Internal Customer Service: The Secret to Customer Growth and Retention
Strong customer service skills are critical to any organization. The rate by which you retain customers can be linked to the quality of service delivered. Whether it be over the phone, via chat, or during an install, the level of service received, good or bad, will eventually affect your customer’s future spending-which translates to your bottom line.
Many leaders fail to realize, the customer service they provide their employees greatly impacts customer retention. Providing exceptional internal customer care helps to attract and, equally as important, retain employees. And let’s face it, it’s an employee's market out there; employees can afford to have high standards for their employment and employer.
In his Forbes article: Internal Customer Service Best Practices: Ten Principles for a Stronger Company Culture, Micah Solomon states, “By serving our fellow employees, we empower them to serve their customers, and make magic happen.” Most of us are familiar with Richard Branson for his achievement and fortitude as a businessman. If you were to ask him how he attains this success, his response would most likely echo Solomon’s notion. In fact, he is commonly cited for his employees first, customers second philosophy, “Clients do not come first. Employees come first. If you take care of your employees, they will take care of the clients.”
Recently, NCTI surveyed roughly 10,000 of our students largely on what they feel employers need to focus on to keep them satisfied, engaged, and loyal. Elements such as adequate pay and benefits ranked high, no surprise there, but we were astonished to learn the vast majority of our respondents felt their organizations are focusing their efforts in the wrong areas.
The Solution isn’t a Ping Pong Table
Many companies put a lot of importance and effort on fringe benefits, such as relaxed dress codes, in-office cafeterias, and gaming tables-just to name a few. While those are great perks, it’s not what keeps employees motivated and engaged. Of the students we surveyed, 42 percent considered such perks as Not Important with regard to their ideal work environment. Instead, a boss/supervisor they admire, and open/effective communication, rated Very Important by 85 percent of the population surveyed.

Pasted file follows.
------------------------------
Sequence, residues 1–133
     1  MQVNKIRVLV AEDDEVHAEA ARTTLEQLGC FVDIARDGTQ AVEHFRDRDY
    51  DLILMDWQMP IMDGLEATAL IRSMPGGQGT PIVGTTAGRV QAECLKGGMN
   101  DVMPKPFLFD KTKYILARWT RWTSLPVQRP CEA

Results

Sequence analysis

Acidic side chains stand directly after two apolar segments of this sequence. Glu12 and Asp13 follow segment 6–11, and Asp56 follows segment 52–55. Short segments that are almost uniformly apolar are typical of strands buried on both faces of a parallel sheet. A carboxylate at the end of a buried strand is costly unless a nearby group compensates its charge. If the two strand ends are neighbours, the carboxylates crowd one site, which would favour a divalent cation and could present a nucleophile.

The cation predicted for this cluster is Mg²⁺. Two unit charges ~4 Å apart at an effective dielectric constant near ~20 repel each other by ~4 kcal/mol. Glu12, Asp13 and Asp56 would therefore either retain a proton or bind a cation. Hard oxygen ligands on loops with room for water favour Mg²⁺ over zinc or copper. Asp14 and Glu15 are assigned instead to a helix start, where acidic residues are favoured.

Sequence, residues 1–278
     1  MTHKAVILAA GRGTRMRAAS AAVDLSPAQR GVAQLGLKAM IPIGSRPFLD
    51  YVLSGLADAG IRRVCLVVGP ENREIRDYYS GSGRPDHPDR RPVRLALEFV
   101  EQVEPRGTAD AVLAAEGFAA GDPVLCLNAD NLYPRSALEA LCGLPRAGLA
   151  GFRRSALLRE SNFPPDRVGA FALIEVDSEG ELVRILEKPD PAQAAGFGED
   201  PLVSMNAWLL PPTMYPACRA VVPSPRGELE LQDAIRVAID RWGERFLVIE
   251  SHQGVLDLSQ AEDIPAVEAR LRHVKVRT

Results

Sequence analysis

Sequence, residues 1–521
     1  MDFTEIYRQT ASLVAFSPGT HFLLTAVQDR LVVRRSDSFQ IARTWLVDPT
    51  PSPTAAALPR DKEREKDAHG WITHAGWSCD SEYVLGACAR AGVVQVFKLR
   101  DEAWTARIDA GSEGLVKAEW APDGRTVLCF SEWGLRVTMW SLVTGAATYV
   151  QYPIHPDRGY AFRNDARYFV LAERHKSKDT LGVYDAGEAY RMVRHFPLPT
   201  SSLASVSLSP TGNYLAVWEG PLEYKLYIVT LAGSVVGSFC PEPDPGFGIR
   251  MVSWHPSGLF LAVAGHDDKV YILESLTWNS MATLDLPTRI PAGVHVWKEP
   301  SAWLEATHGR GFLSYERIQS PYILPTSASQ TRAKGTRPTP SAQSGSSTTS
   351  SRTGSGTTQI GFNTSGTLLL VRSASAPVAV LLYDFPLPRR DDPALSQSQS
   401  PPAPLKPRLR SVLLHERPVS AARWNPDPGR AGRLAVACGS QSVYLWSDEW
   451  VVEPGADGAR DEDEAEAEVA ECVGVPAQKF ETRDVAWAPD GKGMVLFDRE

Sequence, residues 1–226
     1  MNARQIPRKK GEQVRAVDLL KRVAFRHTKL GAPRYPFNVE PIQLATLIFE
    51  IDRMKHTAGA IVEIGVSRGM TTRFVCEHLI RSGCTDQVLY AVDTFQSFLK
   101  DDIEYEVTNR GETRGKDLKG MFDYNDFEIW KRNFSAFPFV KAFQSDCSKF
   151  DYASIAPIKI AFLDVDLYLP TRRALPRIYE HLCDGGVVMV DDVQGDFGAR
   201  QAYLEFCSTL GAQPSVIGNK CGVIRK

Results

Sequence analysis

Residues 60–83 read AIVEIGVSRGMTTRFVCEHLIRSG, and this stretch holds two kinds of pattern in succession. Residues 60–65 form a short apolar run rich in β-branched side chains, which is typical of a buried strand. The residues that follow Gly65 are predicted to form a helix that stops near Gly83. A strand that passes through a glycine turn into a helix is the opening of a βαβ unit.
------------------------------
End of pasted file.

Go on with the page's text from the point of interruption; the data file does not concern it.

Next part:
The Effect of Respect
A sense of value and respect also ranked high when asked what motivates our respondents to be their best and perform their best. When given options such as money/bonuses, flexible retirement planning, peer recognition, respect, etc., 78 percent placed being treated with respect as Very Important.
In 2013, Harvard Business Review surveyed more than 19,000 people about their job satisfaction. 54 percent of respondents said they didn’t feel they were treated with respect by their leaders. However, those who felt they were treated with respect stated 54 percent better overall well-being, and 89 percent greater job satisfaction which led to a higher probability they would stick with their company.
Train to Retain and Sustain
As the head of a training organization, I would be remiss if I didn’t touch upon the importance of foundational and ongoing training for your teams. Training helps your employees to feel efficient and confident-and that confidence will spill over into how they service your customers. In turn, the confidence displayed by your teams encourages the confidence your customers have in your organization, which will hopefully make them want to stick with you. Furthermore, deliberate and customized career progressions that advance toward promotions, or matriculate toward a college certificate or degree, conveys to your employees you are willing to make an investment in them and their future within your organization.
Bringing it full circle, in Gallup’s 2017 State of the Workplace, their data suggests companies ranked in the top quartile of employee satisfaction achieved “a 10% increase in customer metrics and a 20% increase in sales.” These same companies reported a “41% reduction in absenteeism and a 17% increase in productivity.”
Incidentally, these companies also reported 70% fewer safety incidents-food for thought!
As a representative of NCTI, I can tell you the key element by which we truly stand head and shoulders above our competition, is our customer service. Yes, we have an exceptional product, but how we treat and respond to our customers and students, and address their needs, is collectively our company’s priority.
As the CEO of NCTI, I would encourage you to be mindful that as leaders, we work for our employees and not the other way around. They work for our customers, not us. By respecting our employees and by giving them the tools to feel empowered and succeed, we are ensuring synergy between customer growth and employee retention.
Stacey Slaughter is Chief Executive Officer of NCTI, which powers frontline performance in the cable and broadband industry. She leads the company’s efforts to help clients achieve measurable results through actionable, timely and relevant learning.
Connect with Stacey: LinkedIn